Time for a Tax Tune-Up

Right now is a great time to review several things so you can ensure a year that minimizes your taxes. Here are a few strategies to start with, if you haven’t done so already: Business Review If you haven’t already, come in and see us for a review of your business and the tax implications […]

Right now is a great time to review several things so you can ensure a year that minimizes your taxes.
Here are a few strategies to start with, if you haven’t done so already:

Business Review

If you haven’t already, come in and see us for a review of your business and the tax implications that come with.

That might include looking at whether or not you qualify for different tax treatment, taking advantage of all tax deductions possible, strategies if you operate on a cash basis, making sure you are up to date on tax law changes, and much more.

Retirement Contributions Review

The IRS classifies many retirement plans as “qualified,” meaning there are certain tax advantages to investing in them. Contributions made to a 401(k), SIMPLE or Simplified Employee Pension (SEP) plan are taken from your check pre-tax, meaning they are tax-deferred. If, for example, you’re in the 32% combined income bracket, you pay $320 of income tax for every $1,000 earned and not contributed to the plan. Same goes for a traditional IRA if you qualify by income.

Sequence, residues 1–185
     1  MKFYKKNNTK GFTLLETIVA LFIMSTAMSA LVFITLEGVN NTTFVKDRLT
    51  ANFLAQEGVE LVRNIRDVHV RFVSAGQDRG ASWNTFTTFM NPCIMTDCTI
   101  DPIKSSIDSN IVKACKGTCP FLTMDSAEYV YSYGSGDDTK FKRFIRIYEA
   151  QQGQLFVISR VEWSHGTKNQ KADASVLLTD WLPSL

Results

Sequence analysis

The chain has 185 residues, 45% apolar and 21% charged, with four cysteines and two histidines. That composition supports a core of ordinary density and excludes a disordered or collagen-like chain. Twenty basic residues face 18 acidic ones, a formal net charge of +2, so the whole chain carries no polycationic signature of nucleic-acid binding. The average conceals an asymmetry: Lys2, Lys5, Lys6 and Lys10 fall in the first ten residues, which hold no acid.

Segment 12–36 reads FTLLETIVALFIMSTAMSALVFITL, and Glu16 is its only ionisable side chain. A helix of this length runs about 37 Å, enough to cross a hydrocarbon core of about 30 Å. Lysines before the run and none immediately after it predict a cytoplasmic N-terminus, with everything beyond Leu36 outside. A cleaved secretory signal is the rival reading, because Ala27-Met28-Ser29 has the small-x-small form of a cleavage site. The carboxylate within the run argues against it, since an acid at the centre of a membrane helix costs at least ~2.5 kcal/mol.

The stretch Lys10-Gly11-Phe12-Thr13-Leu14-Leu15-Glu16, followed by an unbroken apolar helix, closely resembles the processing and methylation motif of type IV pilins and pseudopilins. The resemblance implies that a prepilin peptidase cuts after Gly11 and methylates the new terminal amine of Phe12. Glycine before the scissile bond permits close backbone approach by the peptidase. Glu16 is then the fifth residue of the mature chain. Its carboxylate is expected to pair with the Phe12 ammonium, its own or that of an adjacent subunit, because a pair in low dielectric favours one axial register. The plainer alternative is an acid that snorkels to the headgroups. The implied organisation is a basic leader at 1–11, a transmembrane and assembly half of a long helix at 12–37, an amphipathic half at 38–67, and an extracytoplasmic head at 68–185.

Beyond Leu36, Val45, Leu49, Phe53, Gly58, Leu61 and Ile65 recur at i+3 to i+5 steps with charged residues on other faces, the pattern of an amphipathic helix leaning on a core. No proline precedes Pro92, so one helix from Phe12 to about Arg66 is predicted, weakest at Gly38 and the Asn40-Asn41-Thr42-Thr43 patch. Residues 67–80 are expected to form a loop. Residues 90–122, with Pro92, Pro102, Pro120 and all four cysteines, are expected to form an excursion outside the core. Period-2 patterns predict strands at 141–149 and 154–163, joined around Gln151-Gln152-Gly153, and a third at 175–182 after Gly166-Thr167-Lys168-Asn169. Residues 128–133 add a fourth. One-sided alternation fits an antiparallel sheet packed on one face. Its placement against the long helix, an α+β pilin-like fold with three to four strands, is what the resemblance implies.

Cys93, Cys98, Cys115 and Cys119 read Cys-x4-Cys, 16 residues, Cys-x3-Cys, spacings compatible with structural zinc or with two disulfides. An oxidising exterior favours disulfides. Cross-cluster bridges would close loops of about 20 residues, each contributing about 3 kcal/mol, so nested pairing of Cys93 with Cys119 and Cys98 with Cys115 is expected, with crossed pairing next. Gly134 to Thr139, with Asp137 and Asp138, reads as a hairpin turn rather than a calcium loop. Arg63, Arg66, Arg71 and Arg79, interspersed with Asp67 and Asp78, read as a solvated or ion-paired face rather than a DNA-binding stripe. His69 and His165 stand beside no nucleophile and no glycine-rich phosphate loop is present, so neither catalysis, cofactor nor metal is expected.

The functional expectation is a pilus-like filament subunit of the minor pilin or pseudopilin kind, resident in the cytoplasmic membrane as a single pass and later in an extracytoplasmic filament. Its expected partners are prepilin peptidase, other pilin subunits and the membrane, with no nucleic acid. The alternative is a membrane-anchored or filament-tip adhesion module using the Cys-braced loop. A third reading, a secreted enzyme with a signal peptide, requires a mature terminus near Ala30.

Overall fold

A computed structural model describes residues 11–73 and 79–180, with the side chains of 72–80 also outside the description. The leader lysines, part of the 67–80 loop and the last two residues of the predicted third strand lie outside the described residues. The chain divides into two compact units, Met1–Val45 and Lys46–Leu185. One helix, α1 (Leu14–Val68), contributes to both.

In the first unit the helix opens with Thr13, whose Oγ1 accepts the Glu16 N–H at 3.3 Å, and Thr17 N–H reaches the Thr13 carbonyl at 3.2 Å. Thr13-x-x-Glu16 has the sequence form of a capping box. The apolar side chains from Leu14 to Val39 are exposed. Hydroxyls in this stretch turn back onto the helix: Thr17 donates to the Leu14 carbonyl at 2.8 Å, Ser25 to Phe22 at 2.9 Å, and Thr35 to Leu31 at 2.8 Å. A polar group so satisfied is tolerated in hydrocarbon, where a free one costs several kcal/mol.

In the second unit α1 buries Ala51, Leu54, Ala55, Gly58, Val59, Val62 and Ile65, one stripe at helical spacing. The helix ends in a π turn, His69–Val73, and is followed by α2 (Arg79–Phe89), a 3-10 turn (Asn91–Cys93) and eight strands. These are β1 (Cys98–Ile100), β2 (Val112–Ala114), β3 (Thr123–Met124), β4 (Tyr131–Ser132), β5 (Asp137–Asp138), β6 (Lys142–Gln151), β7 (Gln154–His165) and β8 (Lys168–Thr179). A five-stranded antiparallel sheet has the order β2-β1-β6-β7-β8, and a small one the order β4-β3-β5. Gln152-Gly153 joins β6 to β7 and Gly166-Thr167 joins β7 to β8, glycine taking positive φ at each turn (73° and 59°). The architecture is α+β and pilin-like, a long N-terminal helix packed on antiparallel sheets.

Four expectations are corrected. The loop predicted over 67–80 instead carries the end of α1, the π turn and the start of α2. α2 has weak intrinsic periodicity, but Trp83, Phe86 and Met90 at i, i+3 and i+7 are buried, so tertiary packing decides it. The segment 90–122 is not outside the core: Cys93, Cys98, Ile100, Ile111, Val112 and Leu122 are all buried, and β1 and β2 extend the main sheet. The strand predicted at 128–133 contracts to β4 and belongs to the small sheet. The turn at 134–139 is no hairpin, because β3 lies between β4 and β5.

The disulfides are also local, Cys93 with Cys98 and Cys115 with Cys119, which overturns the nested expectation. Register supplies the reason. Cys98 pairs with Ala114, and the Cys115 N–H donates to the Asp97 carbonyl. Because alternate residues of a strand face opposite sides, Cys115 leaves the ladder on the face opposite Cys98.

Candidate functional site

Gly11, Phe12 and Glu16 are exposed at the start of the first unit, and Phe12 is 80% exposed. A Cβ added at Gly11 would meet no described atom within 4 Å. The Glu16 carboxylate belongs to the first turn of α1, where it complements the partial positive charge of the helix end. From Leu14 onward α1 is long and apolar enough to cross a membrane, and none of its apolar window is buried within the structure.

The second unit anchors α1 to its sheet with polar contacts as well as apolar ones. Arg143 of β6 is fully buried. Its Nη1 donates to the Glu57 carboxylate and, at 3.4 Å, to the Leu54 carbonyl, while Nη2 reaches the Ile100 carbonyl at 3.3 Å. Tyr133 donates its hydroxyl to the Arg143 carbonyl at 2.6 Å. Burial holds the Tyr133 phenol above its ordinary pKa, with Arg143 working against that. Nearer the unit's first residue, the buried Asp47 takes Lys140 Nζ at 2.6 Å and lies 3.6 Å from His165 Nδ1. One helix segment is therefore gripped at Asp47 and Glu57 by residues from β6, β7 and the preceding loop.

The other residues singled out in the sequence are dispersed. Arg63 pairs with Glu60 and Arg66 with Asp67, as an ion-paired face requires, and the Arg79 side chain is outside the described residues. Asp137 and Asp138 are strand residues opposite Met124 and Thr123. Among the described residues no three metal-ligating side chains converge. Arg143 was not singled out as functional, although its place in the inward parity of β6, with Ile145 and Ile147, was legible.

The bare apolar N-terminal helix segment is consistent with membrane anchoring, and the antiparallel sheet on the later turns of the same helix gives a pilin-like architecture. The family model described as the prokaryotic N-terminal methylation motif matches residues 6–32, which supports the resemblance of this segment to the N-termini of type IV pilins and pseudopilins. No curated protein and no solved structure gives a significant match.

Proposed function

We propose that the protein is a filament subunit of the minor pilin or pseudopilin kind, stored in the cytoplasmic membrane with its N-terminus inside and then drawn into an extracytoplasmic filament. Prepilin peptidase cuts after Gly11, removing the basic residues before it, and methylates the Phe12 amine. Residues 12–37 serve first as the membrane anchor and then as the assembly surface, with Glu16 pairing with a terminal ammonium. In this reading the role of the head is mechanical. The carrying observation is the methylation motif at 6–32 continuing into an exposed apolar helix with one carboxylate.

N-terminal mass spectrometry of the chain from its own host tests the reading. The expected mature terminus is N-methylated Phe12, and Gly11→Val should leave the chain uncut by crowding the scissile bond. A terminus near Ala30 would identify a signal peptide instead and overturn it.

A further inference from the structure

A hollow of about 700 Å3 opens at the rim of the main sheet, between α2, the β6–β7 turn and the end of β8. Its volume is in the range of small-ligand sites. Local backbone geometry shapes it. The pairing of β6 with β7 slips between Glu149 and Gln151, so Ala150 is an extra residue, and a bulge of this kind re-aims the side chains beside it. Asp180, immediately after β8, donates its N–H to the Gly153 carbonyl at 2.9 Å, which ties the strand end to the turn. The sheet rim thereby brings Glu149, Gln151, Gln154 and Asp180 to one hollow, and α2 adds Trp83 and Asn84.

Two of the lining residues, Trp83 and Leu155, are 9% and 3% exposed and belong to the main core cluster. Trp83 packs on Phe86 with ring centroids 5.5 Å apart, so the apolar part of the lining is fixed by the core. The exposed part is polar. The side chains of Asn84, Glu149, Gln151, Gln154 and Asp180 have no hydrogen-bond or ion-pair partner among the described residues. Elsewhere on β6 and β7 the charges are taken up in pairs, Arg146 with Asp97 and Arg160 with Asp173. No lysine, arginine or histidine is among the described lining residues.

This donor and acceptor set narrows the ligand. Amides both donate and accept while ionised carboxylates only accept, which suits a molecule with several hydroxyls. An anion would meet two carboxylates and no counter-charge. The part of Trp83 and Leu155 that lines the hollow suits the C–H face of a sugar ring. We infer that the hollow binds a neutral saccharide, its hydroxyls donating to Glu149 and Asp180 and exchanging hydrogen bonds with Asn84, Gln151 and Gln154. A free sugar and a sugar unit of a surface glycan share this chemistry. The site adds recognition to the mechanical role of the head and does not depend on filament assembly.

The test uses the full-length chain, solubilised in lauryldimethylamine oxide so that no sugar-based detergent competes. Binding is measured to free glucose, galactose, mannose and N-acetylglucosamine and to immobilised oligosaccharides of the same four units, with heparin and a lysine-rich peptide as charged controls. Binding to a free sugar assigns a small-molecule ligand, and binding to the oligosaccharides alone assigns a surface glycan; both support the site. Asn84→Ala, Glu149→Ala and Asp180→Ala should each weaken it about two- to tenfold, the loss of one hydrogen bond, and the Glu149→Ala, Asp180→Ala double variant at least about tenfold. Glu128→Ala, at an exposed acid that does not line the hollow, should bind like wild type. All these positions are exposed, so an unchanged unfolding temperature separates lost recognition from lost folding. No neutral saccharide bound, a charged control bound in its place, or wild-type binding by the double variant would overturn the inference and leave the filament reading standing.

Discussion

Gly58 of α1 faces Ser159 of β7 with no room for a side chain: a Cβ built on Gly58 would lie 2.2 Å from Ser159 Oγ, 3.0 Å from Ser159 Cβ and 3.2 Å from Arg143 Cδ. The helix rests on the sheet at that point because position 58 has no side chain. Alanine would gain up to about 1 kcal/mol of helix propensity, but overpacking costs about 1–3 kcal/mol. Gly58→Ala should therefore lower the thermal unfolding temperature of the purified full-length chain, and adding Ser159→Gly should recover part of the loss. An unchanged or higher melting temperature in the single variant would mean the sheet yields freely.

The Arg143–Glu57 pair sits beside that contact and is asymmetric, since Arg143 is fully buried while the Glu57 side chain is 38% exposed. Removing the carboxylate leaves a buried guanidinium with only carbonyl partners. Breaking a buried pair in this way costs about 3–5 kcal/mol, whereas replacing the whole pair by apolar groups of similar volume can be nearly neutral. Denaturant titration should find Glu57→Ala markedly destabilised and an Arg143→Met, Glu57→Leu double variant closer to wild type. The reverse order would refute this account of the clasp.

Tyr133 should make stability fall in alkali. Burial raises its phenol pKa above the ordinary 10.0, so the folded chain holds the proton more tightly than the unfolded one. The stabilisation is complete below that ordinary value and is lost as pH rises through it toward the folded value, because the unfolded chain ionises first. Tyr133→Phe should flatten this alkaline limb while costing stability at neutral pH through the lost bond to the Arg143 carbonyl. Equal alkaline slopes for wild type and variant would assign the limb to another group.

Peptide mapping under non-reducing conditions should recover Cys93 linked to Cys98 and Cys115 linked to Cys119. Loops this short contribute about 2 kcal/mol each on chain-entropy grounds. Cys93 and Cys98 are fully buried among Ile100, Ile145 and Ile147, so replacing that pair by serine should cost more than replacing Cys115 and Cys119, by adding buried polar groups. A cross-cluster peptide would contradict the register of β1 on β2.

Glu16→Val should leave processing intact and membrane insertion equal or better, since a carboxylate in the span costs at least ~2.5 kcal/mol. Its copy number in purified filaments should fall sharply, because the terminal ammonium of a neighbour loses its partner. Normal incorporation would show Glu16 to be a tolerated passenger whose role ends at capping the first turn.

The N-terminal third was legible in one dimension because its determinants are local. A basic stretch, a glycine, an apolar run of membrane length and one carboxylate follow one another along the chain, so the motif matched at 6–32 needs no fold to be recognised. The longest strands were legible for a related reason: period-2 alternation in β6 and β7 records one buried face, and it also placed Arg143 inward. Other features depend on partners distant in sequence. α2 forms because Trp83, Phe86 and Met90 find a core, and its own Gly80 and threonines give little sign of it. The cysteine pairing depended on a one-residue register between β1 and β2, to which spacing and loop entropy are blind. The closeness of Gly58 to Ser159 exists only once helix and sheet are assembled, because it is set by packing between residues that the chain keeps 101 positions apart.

Health Savings Account

If you have a Health Savings Account and you don’t max contributions, you’re missing a good deal. HSA contributions, potential growth and withdrawals made for qualified medical expenses are tax-free. You can continue to take distributions for healthcare expenses from this triple-tax-free savings vehicle in retirement, too.

Retirement Distributions & Further Planning

Another area to re-visit: your retirement plan. If you are retired and drawing income from multiple sources, you’ll want to do so in the most tax-efficient way. As long as you keep in mind that distributions from qualified plans must begin by age 70 1/2, it often makes sense to first withdraw money from taxable investments and accounts in order to let money in qualified plans continue to potentially build tax-free.

Incidentally, a Roth IRA doesn’t require minimum distributions, so you can let that grow as long as you want. Every person has a different scenario, and we’re here to help you plan for what’s best for you.

Give us a call today for more information: (513) 576-1989.

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